It’s almost fall, and one of Northern Kentucky University’s most played, yet unacknowledged, sports is ripening on the vine: the hallowed art of “parking lot spot stalking.”
Like the old sink-or-swim adage, students making the long commute from the homestead to campus had to learn to stalk, and quick-if they wanted to make it to University 101, anyway.
But how good a lot stalker are you? The Northerner’s provided a how-to guide that’s both humorous and handy, and guaranteed to enhance the common student’s parking-lot-stalker tendencies.
Forget the early bird
Arriving early for a class is one of NKU’s tried-and-true methods for perfect attendance. Or is it? Think about it: Sure, you can make it to campus half an hour before your class starts, but do you park any sooner? Heck no! All the lots are ghost towns until ten minutes before class starts, which is why you shouldn’t concentrate on being early. No, my fellow students, concentrate instead on being at the right place at the right time, that time being __:50. Those valuable parking spots open up only when classes do, so don’t start stalking until ten minutes before class at the earliest.
Eye of the tiger
OK, you’re in the lot at the right time. Now what? Let your killer instincts take over. Be a predator. Student pedestrians are your prey. Successful predators (and parking-spot owners) are incessantly aware of their surroundings. Stalkers who make it to class on time must keep the eyes peeled for any student who may appear to be remotely headed their way. Don’t focus on just the lane you happen to be driving in-keep an eye on the entire lot. If you’re comfortable multitasking, keeping an eye on more than one target is also helpful to making it to the Landrum Academic Center in time for roll call.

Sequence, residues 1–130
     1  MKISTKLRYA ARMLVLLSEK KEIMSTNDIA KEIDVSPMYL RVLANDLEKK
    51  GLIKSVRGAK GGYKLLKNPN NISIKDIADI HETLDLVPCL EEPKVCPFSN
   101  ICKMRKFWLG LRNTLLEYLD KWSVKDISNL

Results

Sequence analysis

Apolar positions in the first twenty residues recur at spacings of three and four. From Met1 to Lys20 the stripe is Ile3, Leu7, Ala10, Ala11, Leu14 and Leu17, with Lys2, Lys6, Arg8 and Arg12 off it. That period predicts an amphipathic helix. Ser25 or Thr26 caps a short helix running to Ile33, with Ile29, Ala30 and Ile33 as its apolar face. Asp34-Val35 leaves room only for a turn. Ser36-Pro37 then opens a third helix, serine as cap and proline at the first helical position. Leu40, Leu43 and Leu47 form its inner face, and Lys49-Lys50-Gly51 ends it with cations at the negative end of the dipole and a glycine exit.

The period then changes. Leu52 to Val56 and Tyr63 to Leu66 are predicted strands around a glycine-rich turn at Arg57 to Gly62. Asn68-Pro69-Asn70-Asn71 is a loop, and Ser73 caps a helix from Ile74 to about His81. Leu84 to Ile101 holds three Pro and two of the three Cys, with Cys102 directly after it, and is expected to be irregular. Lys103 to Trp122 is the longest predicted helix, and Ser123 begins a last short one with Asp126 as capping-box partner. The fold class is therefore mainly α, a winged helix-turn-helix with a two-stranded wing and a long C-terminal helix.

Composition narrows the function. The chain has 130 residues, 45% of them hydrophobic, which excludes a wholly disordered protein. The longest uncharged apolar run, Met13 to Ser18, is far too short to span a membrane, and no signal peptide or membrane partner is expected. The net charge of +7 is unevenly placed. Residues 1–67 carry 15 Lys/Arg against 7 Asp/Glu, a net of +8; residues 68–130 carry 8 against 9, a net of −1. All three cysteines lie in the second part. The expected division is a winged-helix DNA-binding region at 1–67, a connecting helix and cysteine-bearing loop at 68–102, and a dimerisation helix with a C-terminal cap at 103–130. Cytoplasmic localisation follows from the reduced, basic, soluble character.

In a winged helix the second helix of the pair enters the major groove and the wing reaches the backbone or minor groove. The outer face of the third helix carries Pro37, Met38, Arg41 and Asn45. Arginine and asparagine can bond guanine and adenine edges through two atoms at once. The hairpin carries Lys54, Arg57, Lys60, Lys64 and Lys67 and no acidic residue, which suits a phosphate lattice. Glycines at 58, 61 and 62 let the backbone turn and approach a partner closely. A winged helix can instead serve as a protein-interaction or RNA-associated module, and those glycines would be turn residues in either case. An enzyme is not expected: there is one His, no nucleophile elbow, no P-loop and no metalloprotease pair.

Stalk them gently
Once you’ve sighted a pedestrian headed to the potential spot, be sure to follow at a courteous and cautious distance. If you follow a student too close, he or she will get nervous. But, if you get cocky and lag behind, some other student will snag your spot! Following at the correct distance (an estimated two car lengths behind), however, will ensure a spot, and perhaps even garner help from your target, who will either point out the direction they’re headed or let you know they’re not leaving, just grabbing a forgotten book and lunch.
Once you’ve familiarized yourself with that useful killer instinct, you still have to restrain it in favor of decorum. Like Aretha said, stalking is all about respect. For instance, if you’re cruising a parking lot and see a student heading to the car, don’t get too excited. That student could already be targeted by another stalker. So if there’s already a vehicle following said student, keep on moving. Also, if another vehicle is parked, turn signal on, waiting for another vehicle to vacate a spot, do NOT take that spot – even if you’re closer and stealing the spot will keep you from being late to a midterm. That spot has been claimed. Respect that, unless you want your parents to claim whatever is left of you after that student is through.
Spread them eggs
Don’t keep all of your stalking eggs in one basket. There’s nothing wrong with favoring a particular parking lot on campus-hey, we all do. (The Northerner staff’s favorite is the tiered lot behind Lucas.) In fact, when we do get a spot in our favorite lot, it feels as if the heavens have parted and the gods themselves have shined down on us. But let’s face it. That “hallelujah” moment comes only so many times a semester. So you have to accept the fact that you probably won’t get a spot there on any given school day. Instead, prowl around.
If you allow yourself more lot options, you’ll be more likely to get an A plus on the quiz you might otherwise have missed. Don’t forget: “my momma told me, you betta ‘stalk’ around.”